Air pollution and electric vehicles: have we taken a wrong turn?

A transition to electric vehicles has begun in Europe, with 2035 as the cutting-off point for petrol and diesel vehicle production. Although it does bring some hope, electrifying the car industry won’t magically resolve the issue of air pollution. Let’s look at this tech revolution and weigh up the benefits and risks.


In 2021, electric vehicles accounted for 10% of global passenger car sales, that’s four times greater than in 2019. This huge spike won’t be levelling off any time soon, because petrol- and diesel-powered cars are going to be banned from sale in the European Union from 2035. “It’s important to note that electrification cannot be viewed as a universal and definitive answer, because electric vehicles are not carbon neutral”, points out Bertrand-Olivier Ducreux, an engineer in the transport and mobility department of the French Agency for Ecological Transition (ADEME). The carbon impact of manufacturing an electric car is actually greater than that of a petrol or diesel car, because the battery design requires a lot of fossil fuels and metals such as lithium. “Producing an electric car creates a carbon footprint that might be two to three times greater than that of a petrol or diesel car because its battery has a greater capacity”, explains Bertrand-Olivier Ducreux. However, when used, an electric vehicle in France emits 3 to 4 times less CO2 over its entire life cycle. Note that in France, electricity is mainly produced from low-carbon resources (nuclear, hydraulic, wind and solar power). The results don’t look quite so positive for the few countries with carbon-intensive electricity production systems, such as China, India, Germany and Poland. Overall, however, the carbon impact created during the production of electric vehicles is still largely offset when they are driven.


A hidden threat: fine friction particles

“The positive side of electric vehicles is that they emit no exhaust particles. That’s a big plus for air quality”, says Bertrand-Olivier Ducreux. But electric vehicles pose a hidden threat: fine friction particles are generated by brake and tyre wear, and they end up in the lungs of drivers and people living alongside roads. “Electric vehicles are still cars, so as their tyres and brakes are worn down, they release solid particles into the air of towns and cities”, explains Bertrand-Olivier Ducreux. The tyres alone generate 27 to 40% of the PM10 particles emitted by low-consumption electric vehicles, according to the OECD.

Why? Electric vehicles are heavy, which means that manufacturers need to use wider tyres than for petrol or diesel vehicles. “As they are heavier than petrol or diesel cars, electric vehicles tend to wear out their tyres more quickly”, observes Bertrand-Olivier Ducreux. Having said that, electric vehicles generate less brake dust because they have a slowing system which requires less mechanical braking. But this regenerative brake is backed up with disc and drum brakes. As a result, 8 to 11% of non-exhaust particles from electric vehicles are generated by their brakes. More than half of the particles now generated by road traffic in Europe do not come from exhaust fumes but tyre and brake wear. And the phenomenon is only going to intensify as electric vehicles become more widespread. “Thankfully, all these aspects, which up until now were underestimated, are being taking into account by the authorities, especially the European Union”, says Bertrand-Olivier Ducreux.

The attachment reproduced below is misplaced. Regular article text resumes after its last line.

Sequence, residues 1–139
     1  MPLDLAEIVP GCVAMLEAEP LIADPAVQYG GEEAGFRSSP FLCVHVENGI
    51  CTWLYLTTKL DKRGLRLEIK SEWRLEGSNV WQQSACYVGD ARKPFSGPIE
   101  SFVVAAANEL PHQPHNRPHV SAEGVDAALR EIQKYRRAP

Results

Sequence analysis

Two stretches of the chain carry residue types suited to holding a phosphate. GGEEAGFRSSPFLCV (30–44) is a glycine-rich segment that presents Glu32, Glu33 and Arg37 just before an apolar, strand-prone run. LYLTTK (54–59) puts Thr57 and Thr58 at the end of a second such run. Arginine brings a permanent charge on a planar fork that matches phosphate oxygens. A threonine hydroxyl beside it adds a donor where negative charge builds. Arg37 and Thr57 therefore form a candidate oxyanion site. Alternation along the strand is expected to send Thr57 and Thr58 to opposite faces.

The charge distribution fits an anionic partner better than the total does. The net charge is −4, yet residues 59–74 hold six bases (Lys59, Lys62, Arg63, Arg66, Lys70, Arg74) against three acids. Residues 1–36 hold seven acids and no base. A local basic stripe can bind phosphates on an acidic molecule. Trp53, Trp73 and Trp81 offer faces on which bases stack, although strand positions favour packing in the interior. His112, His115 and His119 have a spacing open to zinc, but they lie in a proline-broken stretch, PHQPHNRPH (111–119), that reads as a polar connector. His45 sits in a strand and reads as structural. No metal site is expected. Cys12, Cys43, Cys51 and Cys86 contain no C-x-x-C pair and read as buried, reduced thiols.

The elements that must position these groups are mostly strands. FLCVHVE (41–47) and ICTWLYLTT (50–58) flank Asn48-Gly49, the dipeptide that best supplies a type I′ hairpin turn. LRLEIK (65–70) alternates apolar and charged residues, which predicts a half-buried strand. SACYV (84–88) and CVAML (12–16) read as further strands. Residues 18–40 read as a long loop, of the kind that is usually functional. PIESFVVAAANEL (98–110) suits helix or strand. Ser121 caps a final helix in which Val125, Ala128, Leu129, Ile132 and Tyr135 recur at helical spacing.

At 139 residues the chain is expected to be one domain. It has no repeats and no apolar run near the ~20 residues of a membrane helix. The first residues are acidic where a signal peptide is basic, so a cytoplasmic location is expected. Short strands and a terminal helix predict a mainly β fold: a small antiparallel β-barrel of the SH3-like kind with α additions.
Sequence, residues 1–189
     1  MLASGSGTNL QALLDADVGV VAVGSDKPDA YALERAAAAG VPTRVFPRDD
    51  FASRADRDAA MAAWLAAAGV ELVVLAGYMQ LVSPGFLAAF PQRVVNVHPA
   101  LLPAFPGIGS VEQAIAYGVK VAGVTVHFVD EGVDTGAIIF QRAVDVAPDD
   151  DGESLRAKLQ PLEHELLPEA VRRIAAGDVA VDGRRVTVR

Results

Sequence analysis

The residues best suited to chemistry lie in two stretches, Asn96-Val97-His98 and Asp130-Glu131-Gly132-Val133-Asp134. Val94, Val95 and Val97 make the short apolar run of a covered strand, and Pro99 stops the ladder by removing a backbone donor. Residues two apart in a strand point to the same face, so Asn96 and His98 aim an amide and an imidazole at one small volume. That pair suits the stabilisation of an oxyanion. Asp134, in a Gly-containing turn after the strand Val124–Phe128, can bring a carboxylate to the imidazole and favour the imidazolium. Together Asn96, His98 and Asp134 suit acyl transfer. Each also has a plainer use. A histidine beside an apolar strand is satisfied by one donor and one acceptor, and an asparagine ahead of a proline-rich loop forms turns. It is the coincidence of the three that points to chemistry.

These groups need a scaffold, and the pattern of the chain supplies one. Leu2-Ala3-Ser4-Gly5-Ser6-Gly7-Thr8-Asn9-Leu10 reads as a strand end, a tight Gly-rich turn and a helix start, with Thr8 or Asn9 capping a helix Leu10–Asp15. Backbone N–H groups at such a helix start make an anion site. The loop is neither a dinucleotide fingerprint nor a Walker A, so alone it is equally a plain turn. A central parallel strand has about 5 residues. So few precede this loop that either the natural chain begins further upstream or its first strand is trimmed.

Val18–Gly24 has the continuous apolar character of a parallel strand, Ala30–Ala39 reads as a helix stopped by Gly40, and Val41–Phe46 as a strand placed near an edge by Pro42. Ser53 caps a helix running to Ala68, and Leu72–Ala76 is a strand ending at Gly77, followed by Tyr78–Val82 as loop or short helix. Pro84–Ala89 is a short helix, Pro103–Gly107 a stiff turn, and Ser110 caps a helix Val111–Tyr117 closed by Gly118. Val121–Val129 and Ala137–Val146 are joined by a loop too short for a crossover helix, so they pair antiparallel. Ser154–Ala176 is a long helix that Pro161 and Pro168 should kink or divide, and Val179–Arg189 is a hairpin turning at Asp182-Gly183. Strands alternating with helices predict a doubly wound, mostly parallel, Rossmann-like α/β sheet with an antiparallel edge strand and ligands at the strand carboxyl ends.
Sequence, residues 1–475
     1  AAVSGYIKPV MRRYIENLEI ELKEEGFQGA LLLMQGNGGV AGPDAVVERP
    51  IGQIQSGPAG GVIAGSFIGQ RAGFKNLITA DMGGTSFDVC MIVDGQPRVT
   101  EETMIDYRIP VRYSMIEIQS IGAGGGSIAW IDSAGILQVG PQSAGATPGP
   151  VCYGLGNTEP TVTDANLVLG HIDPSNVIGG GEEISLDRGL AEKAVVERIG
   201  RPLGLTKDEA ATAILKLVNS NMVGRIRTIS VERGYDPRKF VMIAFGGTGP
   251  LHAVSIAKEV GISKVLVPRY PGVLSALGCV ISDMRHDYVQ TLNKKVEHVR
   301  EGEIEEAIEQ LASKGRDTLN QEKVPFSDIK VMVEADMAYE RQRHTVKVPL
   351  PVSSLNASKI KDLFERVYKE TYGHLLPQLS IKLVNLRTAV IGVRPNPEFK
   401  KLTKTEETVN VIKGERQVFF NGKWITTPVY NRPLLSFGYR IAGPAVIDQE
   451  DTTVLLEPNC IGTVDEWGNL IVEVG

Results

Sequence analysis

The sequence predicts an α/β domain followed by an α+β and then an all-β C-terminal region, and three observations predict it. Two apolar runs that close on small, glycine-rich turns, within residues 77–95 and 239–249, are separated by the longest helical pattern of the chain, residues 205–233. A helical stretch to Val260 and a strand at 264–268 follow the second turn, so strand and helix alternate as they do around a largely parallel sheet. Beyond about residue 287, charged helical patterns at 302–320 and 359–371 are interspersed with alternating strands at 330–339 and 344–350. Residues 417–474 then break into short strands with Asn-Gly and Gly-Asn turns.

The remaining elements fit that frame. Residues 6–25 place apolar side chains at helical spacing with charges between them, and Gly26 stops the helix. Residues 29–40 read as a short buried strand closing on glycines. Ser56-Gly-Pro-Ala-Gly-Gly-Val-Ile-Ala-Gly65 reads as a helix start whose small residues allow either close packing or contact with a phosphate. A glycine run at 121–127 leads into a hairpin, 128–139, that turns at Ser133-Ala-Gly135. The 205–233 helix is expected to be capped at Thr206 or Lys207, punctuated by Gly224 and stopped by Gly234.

Air pollution: beyond electrification

Every year 307,000 people die prematurely in Europe due to fine particles. We have a real emergency on our hands.  We need solutions other than more electric vehicles. But what are they? Why not start by lightening cars and reducing their volume? “Lighter vehicles are better from every standpoint. They consume less energy, require less braking power, and generate less tyre wear”, explains Bertrand-Olivier Ducreux. It would also be a good idea to set strict standards for brake, tyre and road surface composition. “From a regulatory perspective, tyres will be assessed on their resilience against wear”, points out Bertrand-Olivier Ducreux.

Another solution is to bring down speed limits, especially in towns, setting them at a maximum of 30 kmh (19 mph). “That will help curb the effects of braking and therefore wear, and even prevent the particles from being released into the air”, says Bertrand-Olivier Ducreux. Suctioning fine particles at the source is another positive step. For example, using the
system which reduces brake dust emissions by 90%. There is potential for change, but there also needs to be a shift in outlook. “It is time that users, mobility stakeholders and public authorities started thinking about how we can move towards less impactful services on a global and social scale”, explains Bertrand-Olivier Ducreux. The future is in our hands.

Electric vehicles: should we have to choose between safety and pollution?

According to a study by AXA, electric vehicle drivers are said to cause around 50% more accidents than petrol or diesel car drivers. This figure might be due to the very high dynamic performance of the most widely sold electric vehicles in Europe over the last few years. If so, should we be fitting electric vehicles with four disc brakes rather than two? It would increase passenger safety but unfortunately generate more particle emissions.